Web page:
The Grail Code 
The real Cup of the Last Supper

Mike and I did our first radio call-in show for The Grail Code on Monday. It was on Relevant Radio, which obviously has a large and loyal base of listeners standing by with intelligent questions to ask.

When you’re on a live call-in show, you know that the people who call are making that effort only because they’re really passionate about something. One thing I found especially interesting was how many people asked questions about the real Cup of the Last Supper—the cup Jesus himself held in his hands. What would it have looked like? Does it still exist? Is it the one in Valencia? Would it have been made of wood, clay, glass, or gold?

These are fascinating questions, and we spent some time on them in The Grail Code. Our answer is usually that we can’t really know: there’s no way to be absolutely sure what happened to that cup, and even the most likely claimants (like the one in Valencia) can’t be traced with any certainty all the way back to the Last Supper.

It really doesn’t matter from a theological point of view. Every cup that holds the Blood of Christ is the real Holy Grail, and you can find that Holy Grail wherever the Eucharist is celebrated. That’s probably why the New Testament never bothers to mention what happened to the cup: every congregation had the real Holy Grail on its humble altar.

But the fact that people (including me) are so fascinated with the subject shows us how powerful those stories of the Holy Grail really are. We’re champing at the bit even now, after all these centuries, impatient to be off on our quest.

Why do we care? Not because the cup, if we had it, would really have any more power than the Eucharist has in the most modest church. But just the feeling that it might, somewhere, actually exist makes us feel closer to Christ and the Apostles. For just the same reason, people hang pictures of Jesus in their houses—not because Jesus isn’t present if we don’t have a picture of him (usually looking like a sentimental late-Victorian English artist), but because the picture makes us feel the presence more.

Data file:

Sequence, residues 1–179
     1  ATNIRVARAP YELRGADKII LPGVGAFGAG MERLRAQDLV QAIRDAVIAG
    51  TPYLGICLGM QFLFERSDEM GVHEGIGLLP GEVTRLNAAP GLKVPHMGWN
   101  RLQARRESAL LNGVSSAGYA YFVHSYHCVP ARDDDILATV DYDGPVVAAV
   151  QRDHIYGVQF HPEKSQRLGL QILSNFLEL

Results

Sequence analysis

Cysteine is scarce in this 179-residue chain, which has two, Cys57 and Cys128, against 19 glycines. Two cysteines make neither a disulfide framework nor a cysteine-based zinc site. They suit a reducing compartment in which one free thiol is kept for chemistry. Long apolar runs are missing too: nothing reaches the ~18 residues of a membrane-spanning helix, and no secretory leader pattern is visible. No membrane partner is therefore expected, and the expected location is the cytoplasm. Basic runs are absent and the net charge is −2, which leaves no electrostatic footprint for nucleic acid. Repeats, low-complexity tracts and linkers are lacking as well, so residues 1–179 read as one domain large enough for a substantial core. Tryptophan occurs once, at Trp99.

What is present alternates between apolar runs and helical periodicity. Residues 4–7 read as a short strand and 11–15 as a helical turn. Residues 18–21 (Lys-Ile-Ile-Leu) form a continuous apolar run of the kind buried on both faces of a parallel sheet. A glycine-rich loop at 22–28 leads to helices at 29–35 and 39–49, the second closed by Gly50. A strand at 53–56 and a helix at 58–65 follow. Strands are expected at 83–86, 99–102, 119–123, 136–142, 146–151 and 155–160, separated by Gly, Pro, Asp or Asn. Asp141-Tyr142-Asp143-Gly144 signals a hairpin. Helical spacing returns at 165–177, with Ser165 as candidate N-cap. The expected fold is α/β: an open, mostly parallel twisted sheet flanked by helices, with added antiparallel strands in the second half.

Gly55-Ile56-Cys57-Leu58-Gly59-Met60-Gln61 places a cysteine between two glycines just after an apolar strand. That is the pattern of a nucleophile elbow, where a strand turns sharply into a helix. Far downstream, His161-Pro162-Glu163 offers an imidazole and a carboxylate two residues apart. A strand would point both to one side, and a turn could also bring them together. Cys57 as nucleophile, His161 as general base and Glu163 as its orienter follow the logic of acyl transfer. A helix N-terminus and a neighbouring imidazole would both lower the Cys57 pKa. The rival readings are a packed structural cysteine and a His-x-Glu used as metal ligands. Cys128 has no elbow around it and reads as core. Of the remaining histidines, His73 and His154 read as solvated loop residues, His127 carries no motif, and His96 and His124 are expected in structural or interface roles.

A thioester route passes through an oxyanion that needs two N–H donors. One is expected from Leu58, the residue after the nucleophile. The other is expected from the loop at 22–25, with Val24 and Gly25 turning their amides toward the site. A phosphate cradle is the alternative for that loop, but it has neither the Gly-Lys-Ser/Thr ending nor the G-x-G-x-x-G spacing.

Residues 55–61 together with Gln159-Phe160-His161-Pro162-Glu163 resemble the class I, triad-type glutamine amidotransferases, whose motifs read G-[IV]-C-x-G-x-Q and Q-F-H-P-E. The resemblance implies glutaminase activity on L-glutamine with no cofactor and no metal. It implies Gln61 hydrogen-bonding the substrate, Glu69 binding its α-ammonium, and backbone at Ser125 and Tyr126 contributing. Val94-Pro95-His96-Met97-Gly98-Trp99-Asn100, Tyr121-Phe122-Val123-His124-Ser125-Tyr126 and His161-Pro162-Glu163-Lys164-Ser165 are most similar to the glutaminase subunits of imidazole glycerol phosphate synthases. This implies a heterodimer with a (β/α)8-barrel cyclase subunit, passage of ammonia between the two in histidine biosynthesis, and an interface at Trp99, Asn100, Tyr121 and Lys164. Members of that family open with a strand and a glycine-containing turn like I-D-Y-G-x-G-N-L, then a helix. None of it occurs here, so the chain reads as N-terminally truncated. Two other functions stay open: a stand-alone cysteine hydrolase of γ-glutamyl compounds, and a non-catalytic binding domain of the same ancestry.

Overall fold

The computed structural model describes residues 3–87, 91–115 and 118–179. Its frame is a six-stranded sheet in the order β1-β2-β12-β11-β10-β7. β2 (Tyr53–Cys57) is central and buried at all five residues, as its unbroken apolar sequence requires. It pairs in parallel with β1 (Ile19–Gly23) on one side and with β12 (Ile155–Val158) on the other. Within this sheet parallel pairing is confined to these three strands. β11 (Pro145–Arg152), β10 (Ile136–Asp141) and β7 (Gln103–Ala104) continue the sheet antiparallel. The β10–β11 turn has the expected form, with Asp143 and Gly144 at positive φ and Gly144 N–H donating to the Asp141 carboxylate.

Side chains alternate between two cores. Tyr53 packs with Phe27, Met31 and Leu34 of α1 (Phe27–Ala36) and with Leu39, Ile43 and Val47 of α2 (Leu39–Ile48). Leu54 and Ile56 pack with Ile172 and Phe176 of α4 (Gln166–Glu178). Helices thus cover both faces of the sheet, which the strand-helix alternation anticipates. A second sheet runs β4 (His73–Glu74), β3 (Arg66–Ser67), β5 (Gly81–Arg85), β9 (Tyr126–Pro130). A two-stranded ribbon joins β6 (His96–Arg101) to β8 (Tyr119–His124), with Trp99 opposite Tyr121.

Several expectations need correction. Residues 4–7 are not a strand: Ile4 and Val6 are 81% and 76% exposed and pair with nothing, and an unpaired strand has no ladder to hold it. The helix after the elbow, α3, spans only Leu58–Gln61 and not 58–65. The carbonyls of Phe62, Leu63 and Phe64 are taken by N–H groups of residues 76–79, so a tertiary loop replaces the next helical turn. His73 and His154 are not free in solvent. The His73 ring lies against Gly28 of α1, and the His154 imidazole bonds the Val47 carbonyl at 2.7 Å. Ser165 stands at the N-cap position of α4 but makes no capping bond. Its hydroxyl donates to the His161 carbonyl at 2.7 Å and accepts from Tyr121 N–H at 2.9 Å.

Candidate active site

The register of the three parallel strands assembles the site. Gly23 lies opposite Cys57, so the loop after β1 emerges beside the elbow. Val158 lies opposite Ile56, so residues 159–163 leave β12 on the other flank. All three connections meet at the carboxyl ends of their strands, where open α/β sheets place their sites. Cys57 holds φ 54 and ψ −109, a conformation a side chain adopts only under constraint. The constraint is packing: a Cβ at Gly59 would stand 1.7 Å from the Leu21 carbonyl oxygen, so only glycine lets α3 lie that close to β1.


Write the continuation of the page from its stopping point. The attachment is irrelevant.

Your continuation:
I think that’s the real appeal of the Holy Grail romances. By telling the story of the quest for an object we already want to find, the romances draw us in from the beginning. Then they lead us to feel the real presence of Christ in the Eucharist. Eventually, we don’t need the object at all: Christ himself enters our hearts and makes his home there. When that happens, we’ve really achieved the quest.

5 Responses to “The real Cup of the Last Supper”

  1. wayne davies Says:

    i believe i got an answer to my question is the cup metal or clay. 10yrs ago i prayed on a sat night god did you drink from clay as you own it all, and you would not need to use gold to prove to the world you are god, so my prayer was god give me an answer sunday morn .the following morn was sunday i went to a swap meet to find on a table a man selling to amphores wine pots dug from where jesus walked iskenduren turkey, there were wine stains on the clay vessels and i showed them to dr roy blizzard an expert in this, and he said about 3bc on the style, we are made from clay of the earth and living water &spirit, so how else could it be anything else we need to look for the vessel of clay as literaly the rocks will soon cry out yehshuh(jesus) the messiah,amen!

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  3. Shorty Says:

    AKAIK you’ve got the anserw in one!

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